Tourism and parks occupy a long relationship that is bothbeneficial and highly contested. The dominant characterization of this relationship is that of reluctant approval and tolerance by parks of tourism. There are numerous objective reasons and examples of tourism working well or ‘doing good’ in parks and of how it denigrates the land and the park experience. However, media and others tend to portray parks tourism as negative and with a strong focus on the ‘other’ that is, the tourist is the problem. There are many examples of the ‘stupid tourist’in media that receive wide coverage. This session is based on addressing the questionof tourism and parks, what is the problem? Is it the tourist? Is it the parks? Is the relationship fundamentally flawed? It will interrogate this relationship with a focus on the realities of the tourism and parks. It will examine aspects of privilege, biases and resource knowledge that may affect the way parks views tourism. This session is important for two reasons; it should open the door to a long overdue discourse on parks and tourism and should shed light on aspectsof parks’ access and equity. This session is relevant to all attendees.

> Gaining Insight on the Most Challenging Expedition: Climate Change from the Perspective of Canadian Mountain Guides

Presenter: Brooklyn Rushton - Wilfred Laurier University

Abstract:

Nature based tourism (NBT) is becoming increasingly popular, particularly following the COVID-19 pandemic as people began to seek activities in nature to enhance well-being after long periods of isolation. Accompanying the projected increase in NBT demand in a post COVID-19 era are increasing challenges with climate change, particularly in mountain regions that offer tourism activities. However, there is limited local knowledge documented to date from those who are intricately involved in NBT in mountain regions and have experienced the impacts of climate change firsthand. Recognizing this gap, this research is the first to present the intimate knowledge of mountain guides in Canada, offering novel insight into climate change risks and opportunities for NBT in mountain regions, including strategies to contend with climate change risks and adaptation. From an online survey, 99% of guides indicated that they have witnessed changes in glacial coverage, slope instability, and access to established guiding routes, as well as an increased incidence of forest fires, extreme weather events, flooding, and rockfall over the course of their career. Due to the adaptive nature of guides, many have already implemented strategies to adapt to the impact of climate change, including increasing flexibility in route choice and timing, diversifying activities, and enhancing readiness for dealing with an increase in mountain hazards. Findings presented in this presentation offer practical knowledge for mountain-based tourism organizations to help plan for a future threatened with rapid climatic change.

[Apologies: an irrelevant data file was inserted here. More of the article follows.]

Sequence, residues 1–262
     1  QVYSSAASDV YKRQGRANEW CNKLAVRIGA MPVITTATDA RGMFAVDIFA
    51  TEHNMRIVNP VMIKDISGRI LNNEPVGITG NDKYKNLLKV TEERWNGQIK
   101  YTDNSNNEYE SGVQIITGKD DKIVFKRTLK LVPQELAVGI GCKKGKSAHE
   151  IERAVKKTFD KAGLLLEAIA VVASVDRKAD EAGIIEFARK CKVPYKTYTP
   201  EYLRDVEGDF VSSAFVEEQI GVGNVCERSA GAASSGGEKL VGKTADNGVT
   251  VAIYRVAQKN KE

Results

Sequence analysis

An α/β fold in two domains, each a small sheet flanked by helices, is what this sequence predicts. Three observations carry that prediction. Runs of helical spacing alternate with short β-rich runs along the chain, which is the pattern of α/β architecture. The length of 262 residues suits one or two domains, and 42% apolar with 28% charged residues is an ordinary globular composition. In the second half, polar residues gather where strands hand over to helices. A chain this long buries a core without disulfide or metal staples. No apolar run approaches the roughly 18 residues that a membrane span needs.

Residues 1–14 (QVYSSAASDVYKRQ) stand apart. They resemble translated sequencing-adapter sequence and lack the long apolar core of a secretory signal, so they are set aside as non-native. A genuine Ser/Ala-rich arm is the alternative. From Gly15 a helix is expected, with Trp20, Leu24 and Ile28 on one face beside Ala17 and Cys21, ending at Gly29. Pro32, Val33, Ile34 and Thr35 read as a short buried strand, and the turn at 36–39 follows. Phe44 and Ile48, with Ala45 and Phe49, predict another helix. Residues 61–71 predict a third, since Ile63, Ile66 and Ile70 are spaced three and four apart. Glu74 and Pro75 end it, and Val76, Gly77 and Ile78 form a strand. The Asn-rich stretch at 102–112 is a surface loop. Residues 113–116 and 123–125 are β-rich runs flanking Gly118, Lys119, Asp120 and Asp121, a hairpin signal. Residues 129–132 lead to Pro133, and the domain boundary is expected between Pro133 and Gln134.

Contributors:

Michelle Rutty, University of Waterloo

Acknowledgements:

Thank you to the Association of Canadian Mountain Guides for sharing the survey with their members.

Effective Environmental Communications in Nature-based Tourism Contexts

Presenter: Elizabeth Halpenny - University of Alberta

No recording available

Abstract:

Nature based tourism contexts such as parks, and wildlife watching boat tours, are freechoice learning environments where visitors can be inspired to act in a more environmentally responsible manner, both at the destination but also after their return home. However, much still needs to be studied to understand what interventions work, how, and why. This abstract reports on findings of a systematic review that examined the efficacy of environmental communications designed to encourage pro-environmental behaviour. Research objectives included: (1) document patterns in research design, including frequency and type of methods, methodology, and theoretical perspectives used; (2) report on the geographic distribution and temporal trends of studies; and, (3) identify approaches to documenting pro-environmental intentions and behaviours arising from nature-based tourism environment communications programs.

Contributors:

  • Mu He, University of Alberta
  • C.J. Blye, University of Alberta

Acknowledgements:

This work was support by a Social Sciences and Humanities Research Council of Canada Research Grant.